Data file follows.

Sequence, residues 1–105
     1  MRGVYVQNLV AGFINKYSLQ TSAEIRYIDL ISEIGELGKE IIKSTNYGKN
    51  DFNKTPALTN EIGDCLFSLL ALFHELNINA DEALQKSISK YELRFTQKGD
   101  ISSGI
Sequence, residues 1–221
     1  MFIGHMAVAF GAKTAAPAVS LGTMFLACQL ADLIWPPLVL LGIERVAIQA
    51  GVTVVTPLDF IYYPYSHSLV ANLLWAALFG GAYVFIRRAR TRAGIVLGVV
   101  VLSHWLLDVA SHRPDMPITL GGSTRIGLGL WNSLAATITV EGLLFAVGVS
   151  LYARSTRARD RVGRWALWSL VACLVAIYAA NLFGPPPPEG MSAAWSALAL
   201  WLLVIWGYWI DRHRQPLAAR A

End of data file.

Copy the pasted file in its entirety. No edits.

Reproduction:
Sequence, residues 1–105
     1  MRGVYVQNLV AGFINKYSLQ TSAEIRYIDL ISEIGELGKE IIKSTNYGKN
    51  DFNKTPALTN EIGDCLFSLL ALFHELNINA DEALQKSISK YELRFTQKGD
   101  ISSGI
Sequence, residues 1–221
     1  MFIGHMAVAF GAKTAAPAVS LGTMFLACQL ADLIWPPLVL LGIERVAIQA
    51  GVTVVTPLDF IYYPYSHSLV ANLLWAALFG GAYVFIRRAR TRAGIVLGVV
   101  VLSHWLLDVA SHRPDMPITL GGSTRIGLGL WNSLAATITV EGLLFAVGVS
   151  LYARSTRARD RVGRWALWSL VACLVAIYAA NLFGPPPPEG MSAAWSALAL
   201  WLLVIWGYWI DRHRQPLAAR A